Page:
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Hello. Welcome to JustAnswer. I am Dr Z. I'm reviewing your question now, and will post back with a reply ASAP.
Thanks for trusting me to help you and your pet today. I am a licensed veterinarian with over 30 years of experience and would be happy work with you.
Any time a cat is experiencing respiratory distress as you describe, it should be treated as an emergency, especially when his history is unknown to you. Common causes of such distress include asthma, heart disease that leads to fluid around the lungs, heartworm disease and pneumonia. After a thorough physical exam and chest xrays, your vet will have a better idea of what the problem may be and what can be done to help him.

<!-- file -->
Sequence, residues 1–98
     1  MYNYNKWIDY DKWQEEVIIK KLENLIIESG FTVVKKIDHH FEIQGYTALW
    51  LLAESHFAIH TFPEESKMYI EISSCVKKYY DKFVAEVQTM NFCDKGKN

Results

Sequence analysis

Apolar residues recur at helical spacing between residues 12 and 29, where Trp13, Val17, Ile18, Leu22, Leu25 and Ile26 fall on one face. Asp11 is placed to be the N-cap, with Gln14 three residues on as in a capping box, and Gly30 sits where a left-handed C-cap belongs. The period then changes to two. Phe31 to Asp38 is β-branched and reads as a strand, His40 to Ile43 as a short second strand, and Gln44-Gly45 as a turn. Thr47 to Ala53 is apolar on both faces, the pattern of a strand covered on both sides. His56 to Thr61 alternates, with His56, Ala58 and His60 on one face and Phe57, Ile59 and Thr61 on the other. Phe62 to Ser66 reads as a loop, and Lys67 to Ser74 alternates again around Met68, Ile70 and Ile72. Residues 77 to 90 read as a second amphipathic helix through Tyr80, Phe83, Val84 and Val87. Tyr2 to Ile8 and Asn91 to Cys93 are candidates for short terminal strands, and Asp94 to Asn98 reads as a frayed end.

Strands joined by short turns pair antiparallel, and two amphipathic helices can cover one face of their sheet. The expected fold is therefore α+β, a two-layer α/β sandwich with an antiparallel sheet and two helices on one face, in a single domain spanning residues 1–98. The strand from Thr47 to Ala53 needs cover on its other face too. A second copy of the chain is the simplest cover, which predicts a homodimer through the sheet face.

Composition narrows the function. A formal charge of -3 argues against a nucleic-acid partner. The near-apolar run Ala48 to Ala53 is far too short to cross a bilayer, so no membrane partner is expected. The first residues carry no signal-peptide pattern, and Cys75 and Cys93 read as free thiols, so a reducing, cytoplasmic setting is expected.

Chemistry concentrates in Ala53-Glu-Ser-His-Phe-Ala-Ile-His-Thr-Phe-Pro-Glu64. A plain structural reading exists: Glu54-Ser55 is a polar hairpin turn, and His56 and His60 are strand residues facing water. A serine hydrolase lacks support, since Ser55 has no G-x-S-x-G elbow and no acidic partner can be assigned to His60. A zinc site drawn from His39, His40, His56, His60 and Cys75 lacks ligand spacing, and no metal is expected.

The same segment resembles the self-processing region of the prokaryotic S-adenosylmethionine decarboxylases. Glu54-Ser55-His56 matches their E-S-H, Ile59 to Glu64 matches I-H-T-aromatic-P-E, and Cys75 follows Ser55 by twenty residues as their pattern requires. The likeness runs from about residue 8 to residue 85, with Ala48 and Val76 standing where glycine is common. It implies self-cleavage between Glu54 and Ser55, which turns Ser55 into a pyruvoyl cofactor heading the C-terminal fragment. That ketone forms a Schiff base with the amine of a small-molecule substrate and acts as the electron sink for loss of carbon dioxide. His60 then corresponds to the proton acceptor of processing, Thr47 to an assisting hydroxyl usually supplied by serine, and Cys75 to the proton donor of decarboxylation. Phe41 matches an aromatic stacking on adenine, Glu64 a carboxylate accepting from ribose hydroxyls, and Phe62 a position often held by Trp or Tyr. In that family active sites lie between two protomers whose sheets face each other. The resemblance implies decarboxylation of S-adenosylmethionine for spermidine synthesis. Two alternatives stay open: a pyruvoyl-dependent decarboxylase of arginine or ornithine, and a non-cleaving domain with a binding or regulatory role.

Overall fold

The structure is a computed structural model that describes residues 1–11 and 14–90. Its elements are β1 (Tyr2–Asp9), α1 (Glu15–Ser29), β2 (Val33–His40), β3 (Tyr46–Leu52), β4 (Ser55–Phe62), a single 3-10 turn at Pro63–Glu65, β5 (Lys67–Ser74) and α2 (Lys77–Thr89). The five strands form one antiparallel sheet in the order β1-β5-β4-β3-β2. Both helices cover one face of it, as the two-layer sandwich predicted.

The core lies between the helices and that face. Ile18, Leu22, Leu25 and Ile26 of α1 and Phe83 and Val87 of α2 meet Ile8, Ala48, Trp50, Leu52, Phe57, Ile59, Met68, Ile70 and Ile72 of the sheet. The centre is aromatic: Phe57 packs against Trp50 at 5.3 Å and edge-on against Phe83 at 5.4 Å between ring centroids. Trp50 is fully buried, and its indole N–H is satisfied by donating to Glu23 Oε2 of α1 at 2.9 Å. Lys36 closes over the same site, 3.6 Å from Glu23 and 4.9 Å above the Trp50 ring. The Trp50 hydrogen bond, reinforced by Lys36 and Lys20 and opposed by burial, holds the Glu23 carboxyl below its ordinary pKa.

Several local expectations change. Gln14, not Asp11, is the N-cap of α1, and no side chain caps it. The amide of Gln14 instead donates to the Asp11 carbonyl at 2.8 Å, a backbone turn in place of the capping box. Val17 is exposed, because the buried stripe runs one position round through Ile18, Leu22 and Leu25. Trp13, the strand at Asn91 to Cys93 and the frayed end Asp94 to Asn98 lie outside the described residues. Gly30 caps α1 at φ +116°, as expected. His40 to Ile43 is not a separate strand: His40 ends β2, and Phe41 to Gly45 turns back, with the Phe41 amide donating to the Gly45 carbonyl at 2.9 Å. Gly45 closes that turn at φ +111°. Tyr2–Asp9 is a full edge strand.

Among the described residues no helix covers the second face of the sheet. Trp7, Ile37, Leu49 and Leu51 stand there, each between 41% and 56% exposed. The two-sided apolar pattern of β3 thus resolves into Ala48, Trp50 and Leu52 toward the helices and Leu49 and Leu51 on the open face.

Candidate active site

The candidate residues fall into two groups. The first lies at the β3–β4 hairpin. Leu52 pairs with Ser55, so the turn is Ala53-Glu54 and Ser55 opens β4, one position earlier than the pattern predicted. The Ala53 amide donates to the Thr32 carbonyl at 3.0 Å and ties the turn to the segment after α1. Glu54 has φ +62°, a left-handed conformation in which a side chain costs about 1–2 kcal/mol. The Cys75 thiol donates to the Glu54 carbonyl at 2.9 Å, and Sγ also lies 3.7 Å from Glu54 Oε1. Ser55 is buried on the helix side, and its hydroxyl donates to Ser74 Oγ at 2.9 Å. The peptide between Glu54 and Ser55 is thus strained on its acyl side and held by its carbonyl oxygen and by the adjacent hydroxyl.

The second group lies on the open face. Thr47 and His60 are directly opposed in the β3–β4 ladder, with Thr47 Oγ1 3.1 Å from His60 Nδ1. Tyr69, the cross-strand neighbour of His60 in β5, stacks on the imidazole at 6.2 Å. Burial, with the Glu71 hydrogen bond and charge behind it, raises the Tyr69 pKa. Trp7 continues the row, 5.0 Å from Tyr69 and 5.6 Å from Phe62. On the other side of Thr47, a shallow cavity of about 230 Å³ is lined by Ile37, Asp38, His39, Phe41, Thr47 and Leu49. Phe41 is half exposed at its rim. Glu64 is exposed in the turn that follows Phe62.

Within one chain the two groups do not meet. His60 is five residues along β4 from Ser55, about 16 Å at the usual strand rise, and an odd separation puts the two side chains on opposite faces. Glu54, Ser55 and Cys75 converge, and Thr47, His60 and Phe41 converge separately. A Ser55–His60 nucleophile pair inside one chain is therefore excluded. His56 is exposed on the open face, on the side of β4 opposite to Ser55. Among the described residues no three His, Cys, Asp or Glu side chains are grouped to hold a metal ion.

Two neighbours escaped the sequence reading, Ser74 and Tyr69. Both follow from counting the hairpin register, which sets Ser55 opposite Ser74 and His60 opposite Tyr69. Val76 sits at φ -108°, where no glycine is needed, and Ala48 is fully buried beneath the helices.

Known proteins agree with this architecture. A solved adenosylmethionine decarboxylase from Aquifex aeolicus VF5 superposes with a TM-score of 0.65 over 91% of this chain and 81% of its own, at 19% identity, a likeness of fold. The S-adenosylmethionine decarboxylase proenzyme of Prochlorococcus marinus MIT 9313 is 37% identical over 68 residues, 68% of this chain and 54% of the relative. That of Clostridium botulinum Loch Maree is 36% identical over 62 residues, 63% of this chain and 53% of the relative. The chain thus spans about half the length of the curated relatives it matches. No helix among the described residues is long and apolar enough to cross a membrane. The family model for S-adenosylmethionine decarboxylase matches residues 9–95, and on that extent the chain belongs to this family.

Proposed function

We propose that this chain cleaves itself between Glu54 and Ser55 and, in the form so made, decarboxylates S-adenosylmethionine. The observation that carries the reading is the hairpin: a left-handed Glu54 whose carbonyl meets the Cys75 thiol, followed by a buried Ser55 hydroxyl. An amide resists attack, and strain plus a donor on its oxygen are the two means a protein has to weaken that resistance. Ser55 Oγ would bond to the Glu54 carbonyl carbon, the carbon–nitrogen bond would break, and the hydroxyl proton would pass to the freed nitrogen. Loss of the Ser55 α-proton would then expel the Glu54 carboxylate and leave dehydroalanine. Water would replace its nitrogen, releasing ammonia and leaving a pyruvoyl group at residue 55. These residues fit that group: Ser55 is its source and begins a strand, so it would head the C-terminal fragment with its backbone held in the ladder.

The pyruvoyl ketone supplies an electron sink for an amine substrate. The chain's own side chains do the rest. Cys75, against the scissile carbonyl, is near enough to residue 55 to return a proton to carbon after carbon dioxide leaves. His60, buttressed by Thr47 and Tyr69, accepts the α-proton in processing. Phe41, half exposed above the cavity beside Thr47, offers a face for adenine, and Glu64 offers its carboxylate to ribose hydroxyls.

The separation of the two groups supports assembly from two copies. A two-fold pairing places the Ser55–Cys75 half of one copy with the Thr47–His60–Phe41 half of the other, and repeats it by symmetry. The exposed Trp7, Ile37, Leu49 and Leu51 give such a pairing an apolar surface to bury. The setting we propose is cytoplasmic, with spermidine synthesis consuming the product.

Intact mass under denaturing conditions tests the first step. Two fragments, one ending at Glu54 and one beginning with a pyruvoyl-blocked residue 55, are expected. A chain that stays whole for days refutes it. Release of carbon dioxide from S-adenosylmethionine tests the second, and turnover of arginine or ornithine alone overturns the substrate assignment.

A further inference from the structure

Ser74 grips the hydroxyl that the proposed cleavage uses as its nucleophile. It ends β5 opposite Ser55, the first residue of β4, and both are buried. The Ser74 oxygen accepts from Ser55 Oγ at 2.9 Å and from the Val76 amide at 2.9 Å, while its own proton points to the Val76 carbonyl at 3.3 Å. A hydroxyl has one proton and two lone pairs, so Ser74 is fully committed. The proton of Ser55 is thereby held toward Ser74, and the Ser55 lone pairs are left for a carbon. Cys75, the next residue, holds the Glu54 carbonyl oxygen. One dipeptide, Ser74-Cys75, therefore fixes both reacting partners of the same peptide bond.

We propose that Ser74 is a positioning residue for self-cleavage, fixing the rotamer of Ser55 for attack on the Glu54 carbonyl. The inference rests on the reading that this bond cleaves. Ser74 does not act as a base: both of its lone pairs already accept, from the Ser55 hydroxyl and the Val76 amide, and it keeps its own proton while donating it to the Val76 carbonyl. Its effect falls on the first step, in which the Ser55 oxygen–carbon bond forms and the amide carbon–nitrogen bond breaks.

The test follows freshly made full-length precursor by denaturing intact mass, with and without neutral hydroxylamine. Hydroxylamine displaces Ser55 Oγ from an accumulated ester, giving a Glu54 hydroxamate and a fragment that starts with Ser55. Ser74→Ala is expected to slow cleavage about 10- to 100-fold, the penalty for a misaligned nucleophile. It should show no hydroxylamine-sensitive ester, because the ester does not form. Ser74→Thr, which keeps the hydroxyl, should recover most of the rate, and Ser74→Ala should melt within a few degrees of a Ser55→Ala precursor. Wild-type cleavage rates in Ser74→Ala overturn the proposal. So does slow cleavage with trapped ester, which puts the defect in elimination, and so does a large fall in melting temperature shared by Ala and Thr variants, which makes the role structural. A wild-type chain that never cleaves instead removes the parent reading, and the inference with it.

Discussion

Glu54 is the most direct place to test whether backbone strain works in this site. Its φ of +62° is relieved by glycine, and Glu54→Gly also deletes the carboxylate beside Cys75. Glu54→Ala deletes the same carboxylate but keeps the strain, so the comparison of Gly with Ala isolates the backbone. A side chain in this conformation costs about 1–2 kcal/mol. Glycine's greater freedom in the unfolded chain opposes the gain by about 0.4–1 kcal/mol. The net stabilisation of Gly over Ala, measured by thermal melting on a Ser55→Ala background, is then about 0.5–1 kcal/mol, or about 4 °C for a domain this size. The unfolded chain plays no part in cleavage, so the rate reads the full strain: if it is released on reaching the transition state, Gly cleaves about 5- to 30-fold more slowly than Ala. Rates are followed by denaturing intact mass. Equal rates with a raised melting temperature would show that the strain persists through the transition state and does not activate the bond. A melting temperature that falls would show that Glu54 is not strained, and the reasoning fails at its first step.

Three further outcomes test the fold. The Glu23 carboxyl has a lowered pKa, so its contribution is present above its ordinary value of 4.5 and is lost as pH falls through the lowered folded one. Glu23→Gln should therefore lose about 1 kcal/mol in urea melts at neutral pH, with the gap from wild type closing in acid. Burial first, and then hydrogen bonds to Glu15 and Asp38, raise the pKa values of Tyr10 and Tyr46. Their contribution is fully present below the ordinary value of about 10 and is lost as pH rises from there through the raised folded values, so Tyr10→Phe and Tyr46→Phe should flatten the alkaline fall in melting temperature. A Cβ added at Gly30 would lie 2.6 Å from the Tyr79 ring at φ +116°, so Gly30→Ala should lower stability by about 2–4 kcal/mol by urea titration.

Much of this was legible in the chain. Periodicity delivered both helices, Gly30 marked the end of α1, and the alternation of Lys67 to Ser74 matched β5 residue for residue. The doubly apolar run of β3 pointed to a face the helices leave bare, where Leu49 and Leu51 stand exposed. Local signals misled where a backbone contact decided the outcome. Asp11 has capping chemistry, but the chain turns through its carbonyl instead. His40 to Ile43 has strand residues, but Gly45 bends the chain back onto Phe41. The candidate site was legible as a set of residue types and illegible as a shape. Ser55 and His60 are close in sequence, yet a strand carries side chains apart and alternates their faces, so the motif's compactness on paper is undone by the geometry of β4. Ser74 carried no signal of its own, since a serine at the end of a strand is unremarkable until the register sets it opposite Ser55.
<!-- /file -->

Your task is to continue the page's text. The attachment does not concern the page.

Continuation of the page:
I hope this is helpful. Please let me know if you have ANY other questions. My goal is to give you 100% satisfaction and if you are not yet satisfied, please reply so I can clarify for you.
My posted replies are for general education only and not meant as a diagnosis. Only after a thorough veterinary examination can a diagnosis for your pet be made and specific treatments be advised or medications be prescribed.